When parents no longer live together, both parents are automatically assumed to have equal rights to spend time with the child. The family court system endeavors to facilitate a healthy relationship between a parent and a child when the parents separate, divorce, or end their relationships, regardless of the wishes of the parents to live separately. Parenting plans allow visitation and custody issues to be codified by the court and turned into orders. When things go wrong, however, those plans may need to be amended. Read on to find out more about why supervised visitation may become an issue and how to deal with it.
Problems with a Parent
When an objection is raised about the fitness of a parent, the matter is bought before the judge. Allegations of wrongdoing must be proven before the judge will disturb a parenting plan.
Regardless of who had physical custody of the child or the visitation schedule, if the parent demonstrates the following behaviors, changes can be made to the plan:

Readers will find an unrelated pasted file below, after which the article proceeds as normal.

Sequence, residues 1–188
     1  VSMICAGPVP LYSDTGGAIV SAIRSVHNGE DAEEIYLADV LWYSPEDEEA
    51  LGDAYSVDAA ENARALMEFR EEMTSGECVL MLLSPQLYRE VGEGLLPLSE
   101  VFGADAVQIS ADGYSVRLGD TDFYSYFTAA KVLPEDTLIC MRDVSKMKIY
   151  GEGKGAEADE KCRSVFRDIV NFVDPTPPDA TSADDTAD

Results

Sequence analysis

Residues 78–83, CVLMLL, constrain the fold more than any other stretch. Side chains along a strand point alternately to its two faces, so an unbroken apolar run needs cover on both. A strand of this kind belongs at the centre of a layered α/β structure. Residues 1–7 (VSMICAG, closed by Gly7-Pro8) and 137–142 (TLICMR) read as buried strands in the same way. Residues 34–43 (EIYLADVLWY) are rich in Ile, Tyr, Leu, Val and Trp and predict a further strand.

- Child abuse, domestic violence or sexual abuse (of parent or child).
- Criminal activity as demonstrated by an arrest report or conviction.
- Drug or alcohol abuse.
- Negligence as demonstrated by child protective services reports.
- Mental illness
- Threats or a history of parental kidnapping.
- Abandonment of the child by the custodial or non-custodial parent.
Less Than a Loss of Parental Rights
When a parenting situation worsens, judges may have no choice but to remove the parental rights of a party. Since that is a radical action, supervised visitation is considered an alternative. It's safer for all concerned, and it's less disruptive for the child. When supervised visitation is ordered, it comes along with some exact and strict rules that must be followed. The frequency, times, dates, circumstances, and privacy are all considered when creating the order that spells out the rules.
Who Supervises the Visitation?
The other parent of the child is almost never tasked with this job owing to the potential for problems between the parents. In most cases, a suitable relative is asked to supervise the non-custodial parent during visitation periods.
Overnight visits are rare with supervised visitation, and public places like parks and restaurants are usually the favored locations to meet. The supervisor will need to maintain visual contact with the child at all times, but they may remain some distance apart from the parent and child nevertheless.
With supervised visitation, there may be an endgame. In many cases, the parent is ordered to attend counseling and classes in an effort to rehabilitate them to be a fit parent. In other cases, the supervised visitation persists for years. For more information, contact a firm that offers family law attorney services such as schreyerlawfirm.com.